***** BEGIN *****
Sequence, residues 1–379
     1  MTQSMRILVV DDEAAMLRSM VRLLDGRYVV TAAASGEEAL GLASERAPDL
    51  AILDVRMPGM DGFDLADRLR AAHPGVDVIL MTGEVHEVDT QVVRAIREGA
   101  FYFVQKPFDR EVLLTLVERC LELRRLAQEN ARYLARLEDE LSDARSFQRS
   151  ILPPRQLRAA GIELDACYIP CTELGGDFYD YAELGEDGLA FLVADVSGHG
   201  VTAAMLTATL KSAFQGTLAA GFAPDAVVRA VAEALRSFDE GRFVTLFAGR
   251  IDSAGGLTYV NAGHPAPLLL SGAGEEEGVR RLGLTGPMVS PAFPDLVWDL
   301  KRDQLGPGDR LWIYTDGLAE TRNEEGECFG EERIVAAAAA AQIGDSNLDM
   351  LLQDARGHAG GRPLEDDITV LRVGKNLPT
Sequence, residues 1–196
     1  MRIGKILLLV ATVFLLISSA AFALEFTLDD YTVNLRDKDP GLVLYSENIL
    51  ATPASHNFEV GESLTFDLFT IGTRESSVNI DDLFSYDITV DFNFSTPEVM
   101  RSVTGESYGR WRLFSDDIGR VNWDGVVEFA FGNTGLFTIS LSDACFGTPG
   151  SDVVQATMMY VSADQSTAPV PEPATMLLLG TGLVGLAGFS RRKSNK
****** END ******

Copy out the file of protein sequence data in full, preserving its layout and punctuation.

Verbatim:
Sequence, residues 1–379
     1  MTQSMRILVV DDEAAMLRSM VRLLDGRYVV TAAASGEEAL GLASERAPDL
    51  AILDVRMPGM DGFDLADRLR AAHPGVDVIL MTGEVHEVDT QVVRAIREGA
   101  FYFVQKPFDR EVLLTLVERC LELRRLAQEN ARYLARLEDE LSDARSFQRS
   151  ILPPRQLRAA GIELDACYIP CTELGGDFYD YAELGEDGLA FLVADVSGHG
   201  VTAAMLTATL KSAFQGTLAA GFAPDAVVRA VAEALRSFDE GRFVTLFAGR
   251  IDSAGGLTYV NAGHPAPLLL SGAGEEEGVR RLGLTGPMVS PAFPDLVWDL
   301  KRDQLGPGDR LWIYTDGLAE TRNEEGECFG EERIVAAAAA AQIGDSNLDM
   351  LLQDARGHAG GRPLEDDITV LRVGKNLPT
Sequence, residues 1–196
     1  MRIGKILLLV ATVFLLISSA AFALEFTLDD YTVNLRDKDP GLVLYSENIL
    51  ATPASHNFEV GESLTFDLFT IGTRESSVNI DDLFSYDITV DFNFSTPEVM
   101  RSVTGESYGR WRLFSDDIGR VNWDGVVEFA FGNTGLFTIS LSDACFGTPG
   151  SDVVQATMMY VSADQSTAPV PEPATMLLLG TGLVGLAGFS RRKSNK